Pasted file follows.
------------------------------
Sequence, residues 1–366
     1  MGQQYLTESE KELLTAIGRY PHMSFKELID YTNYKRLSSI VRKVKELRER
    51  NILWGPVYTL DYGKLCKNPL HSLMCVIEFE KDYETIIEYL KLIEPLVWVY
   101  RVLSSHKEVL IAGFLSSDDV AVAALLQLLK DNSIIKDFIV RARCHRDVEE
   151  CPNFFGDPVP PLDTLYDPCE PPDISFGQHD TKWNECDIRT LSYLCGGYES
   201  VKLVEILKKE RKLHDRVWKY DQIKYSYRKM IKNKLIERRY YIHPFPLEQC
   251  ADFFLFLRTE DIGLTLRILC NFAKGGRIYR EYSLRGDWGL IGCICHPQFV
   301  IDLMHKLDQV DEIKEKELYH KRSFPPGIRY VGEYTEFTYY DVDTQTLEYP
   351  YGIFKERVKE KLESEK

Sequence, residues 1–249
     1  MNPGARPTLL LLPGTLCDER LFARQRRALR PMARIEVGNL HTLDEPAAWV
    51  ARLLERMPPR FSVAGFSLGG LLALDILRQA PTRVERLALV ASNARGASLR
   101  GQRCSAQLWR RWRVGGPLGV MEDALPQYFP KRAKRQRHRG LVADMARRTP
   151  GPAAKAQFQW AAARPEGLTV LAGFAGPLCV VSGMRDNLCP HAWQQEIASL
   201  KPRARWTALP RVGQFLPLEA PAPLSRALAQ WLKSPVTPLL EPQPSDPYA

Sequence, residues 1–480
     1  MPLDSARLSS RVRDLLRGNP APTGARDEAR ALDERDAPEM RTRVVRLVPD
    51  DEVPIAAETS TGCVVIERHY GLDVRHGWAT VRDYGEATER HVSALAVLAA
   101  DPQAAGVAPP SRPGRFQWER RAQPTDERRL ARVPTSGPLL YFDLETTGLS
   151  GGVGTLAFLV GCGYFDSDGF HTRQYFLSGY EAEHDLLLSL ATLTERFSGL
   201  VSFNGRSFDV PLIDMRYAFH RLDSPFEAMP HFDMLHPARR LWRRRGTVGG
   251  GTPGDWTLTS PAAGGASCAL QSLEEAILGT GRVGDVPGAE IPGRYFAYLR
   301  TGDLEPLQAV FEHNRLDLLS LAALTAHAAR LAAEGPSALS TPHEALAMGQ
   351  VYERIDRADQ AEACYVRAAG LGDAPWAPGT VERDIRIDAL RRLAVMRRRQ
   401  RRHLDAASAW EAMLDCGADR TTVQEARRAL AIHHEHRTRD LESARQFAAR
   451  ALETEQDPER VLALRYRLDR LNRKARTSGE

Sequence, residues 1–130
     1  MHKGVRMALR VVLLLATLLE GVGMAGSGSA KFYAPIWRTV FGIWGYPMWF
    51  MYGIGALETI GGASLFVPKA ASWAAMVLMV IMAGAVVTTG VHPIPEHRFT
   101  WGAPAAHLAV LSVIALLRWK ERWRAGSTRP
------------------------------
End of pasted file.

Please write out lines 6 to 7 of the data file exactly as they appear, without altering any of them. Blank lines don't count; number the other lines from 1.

   201  VKLVEILKKE RKLHDRVWKY DQIKYSYRKM IKNKLIERRY YIHPFPLEQC
   251  ADFFLFLRTE DIGLTLRILC NFAKGGRIYR EYSLRGDWGL IGCICHPQFV